As with IFFA itself, we begin by describing the factual and procedural context in which Eastern dealt with Third/Fourth. After the CBA's between it and several unions had expired, Eastern had decided to abandon a large number of routes that it had previously served, with the result that almost 2000 union employees would be laid off. The unions sued Eastern on two theories. First, they argued that its actions were contrary to the terms of the existing CBA's, and that, before Eastern could change the status quo, it was required to pursue and complete the procedures for renegotiating its CBA. Second, the unions argued that Eastern was deliberately abandoning routes served by unionized employees, with the intent of having those routes covered by unrepresented employees of Continental Airlines (a different subsidiary of the same corporation), and that this discriminatory action violated Third/Fourth. The district court found that the furloughs were improperly motivated, ALPA v. Eastern Airlines, 703 F. Supp. 962, 980-981 (D.D.C. 1988), and that in any event that Eastern had violated the status quo under the CBA, and could not act before exhausting major dispute procedures. Id. 978-80.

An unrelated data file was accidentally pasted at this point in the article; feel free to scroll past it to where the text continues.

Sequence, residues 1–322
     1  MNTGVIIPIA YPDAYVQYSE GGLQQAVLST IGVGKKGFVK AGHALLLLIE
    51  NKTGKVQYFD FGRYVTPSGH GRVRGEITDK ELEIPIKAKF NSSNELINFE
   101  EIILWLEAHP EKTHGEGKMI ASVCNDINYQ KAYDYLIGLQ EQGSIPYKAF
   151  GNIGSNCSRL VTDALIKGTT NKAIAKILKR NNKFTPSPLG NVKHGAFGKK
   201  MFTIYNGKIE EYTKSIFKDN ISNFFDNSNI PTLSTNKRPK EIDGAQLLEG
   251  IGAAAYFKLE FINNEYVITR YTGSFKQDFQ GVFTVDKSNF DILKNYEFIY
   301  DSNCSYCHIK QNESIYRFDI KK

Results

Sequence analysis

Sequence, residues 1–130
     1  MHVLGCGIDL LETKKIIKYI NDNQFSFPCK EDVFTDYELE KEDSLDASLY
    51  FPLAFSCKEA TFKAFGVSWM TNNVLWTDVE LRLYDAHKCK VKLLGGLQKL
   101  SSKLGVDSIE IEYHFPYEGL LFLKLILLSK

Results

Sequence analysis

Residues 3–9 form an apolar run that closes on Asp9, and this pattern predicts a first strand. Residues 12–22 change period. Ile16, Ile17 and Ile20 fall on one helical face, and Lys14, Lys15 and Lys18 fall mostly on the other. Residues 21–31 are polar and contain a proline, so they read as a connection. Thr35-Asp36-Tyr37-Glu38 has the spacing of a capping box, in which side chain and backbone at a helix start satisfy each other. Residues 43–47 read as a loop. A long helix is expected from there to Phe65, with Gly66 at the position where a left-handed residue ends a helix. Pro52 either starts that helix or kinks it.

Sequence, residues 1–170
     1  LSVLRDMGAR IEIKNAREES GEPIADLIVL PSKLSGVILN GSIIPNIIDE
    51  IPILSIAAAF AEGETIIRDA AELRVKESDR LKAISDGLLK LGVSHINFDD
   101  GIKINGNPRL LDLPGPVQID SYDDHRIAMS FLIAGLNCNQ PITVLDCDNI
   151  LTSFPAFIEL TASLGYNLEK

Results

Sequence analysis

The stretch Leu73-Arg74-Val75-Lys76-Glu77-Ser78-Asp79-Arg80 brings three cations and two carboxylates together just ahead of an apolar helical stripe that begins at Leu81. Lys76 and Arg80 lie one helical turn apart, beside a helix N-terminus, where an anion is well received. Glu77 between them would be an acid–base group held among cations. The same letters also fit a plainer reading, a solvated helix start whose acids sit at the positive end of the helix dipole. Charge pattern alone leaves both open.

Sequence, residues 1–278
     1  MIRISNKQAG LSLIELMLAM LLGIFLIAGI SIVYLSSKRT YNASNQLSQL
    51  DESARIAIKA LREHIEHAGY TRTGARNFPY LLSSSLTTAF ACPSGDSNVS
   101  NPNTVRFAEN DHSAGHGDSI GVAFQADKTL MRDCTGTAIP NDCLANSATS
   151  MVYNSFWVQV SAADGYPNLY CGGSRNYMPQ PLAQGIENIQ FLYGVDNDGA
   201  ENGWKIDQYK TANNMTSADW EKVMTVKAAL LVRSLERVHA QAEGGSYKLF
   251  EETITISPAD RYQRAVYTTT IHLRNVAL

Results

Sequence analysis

The court of appeals reversed. It first decided that there were arguable grounds in the pre-existing CBA's that could support Eastern's actions, and thus any dispute over these provisions must necessarily be submitted to the grievance and arbitration procedures required by the RLA. 863 F.2d at 895-900. However, the Court treated the unions' dis crimination arguments under Third/Fourth as a "potential independent ground for the dis trict court's injunction," id. 900 (a point that aids our jurisdictional argument based on inadequacy of the grievance procedure, infra 28-30), and therefore the Court devoted the bulk of its opinion, id. at 901-913, to a thorough canvass of the evidence to determine that Eastern would not have taken its actions absent its desperate financial condition, and that its actions would have been the same even had it not been union members who were being laid off. Throughout its opinion, the Court purported to rely on the NLRB's Wright Line rule for determining whether actions involving "mixed motives" were predicated on anti- union animus. The Court cited NLRB precedent right and left, without the slightest hint that the RLA required a higher degree of animus than in NLRA cases.
That AA's reading of the case as requiring a higher standard for animus than the NLRA is farfetched is further shown by the opinions on the petition for rehearing en banc. Judge Mikva, writing for four judges, took the panel to task for applying the NLRB's Wright Line standard to a case involving "large-scale corporate transactions," and to the RLA in any event because the two statutes "are not freely interchangeable." Id. 917. In response, Judge Williams, the author of the panel opinion, stoutly defended the application of Wright Line in RLA cases on the ground that the RLA and the NLRA do not require different findings in such cases. Id. 930-931.